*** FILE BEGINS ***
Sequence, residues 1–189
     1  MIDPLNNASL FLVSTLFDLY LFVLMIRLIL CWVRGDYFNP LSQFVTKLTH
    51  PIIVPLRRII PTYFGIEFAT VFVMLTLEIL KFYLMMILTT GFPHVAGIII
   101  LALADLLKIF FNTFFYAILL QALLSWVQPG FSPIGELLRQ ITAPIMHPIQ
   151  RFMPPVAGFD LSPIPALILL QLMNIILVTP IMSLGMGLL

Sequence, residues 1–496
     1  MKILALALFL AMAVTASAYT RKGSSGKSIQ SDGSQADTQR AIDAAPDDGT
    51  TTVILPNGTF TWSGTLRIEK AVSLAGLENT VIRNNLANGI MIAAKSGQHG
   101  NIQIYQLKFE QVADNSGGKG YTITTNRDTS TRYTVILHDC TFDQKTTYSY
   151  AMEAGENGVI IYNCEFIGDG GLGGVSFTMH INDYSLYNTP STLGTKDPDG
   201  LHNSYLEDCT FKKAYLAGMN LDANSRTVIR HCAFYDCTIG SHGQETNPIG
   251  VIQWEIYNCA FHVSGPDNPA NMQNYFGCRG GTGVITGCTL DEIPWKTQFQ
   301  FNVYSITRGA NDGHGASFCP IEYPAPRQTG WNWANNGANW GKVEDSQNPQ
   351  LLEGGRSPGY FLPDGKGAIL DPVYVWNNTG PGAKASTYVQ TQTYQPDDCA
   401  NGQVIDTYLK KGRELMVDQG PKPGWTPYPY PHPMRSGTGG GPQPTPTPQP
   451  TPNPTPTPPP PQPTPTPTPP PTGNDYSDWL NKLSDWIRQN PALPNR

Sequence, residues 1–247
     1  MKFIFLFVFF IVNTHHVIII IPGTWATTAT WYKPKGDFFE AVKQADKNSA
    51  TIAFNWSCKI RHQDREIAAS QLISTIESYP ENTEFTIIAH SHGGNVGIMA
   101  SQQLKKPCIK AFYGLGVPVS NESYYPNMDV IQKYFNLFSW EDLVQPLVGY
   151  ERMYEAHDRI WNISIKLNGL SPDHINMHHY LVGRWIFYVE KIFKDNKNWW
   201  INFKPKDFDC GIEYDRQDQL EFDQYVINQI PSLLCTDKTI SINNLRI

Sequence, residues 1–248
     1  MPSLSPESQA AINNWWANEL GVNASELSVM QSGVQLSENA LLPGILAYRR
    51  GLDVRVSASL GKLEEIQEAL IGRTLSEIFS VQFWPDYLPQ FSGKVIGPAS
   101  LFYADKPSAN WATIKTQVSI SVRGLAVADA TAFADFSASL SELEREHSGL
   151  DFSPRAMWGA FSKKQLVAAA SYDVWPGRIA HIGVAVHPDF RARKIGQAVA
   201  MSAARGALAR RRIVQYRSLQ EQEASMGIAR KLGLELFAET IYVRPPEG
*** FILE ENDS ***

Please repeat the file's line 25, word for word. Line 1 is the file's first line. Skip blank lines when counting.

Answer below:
    51  GLDVRVSASL GKLEEIQEAL IGRTLSEIFS VQFWPDYLPQ FSGKVIGPAS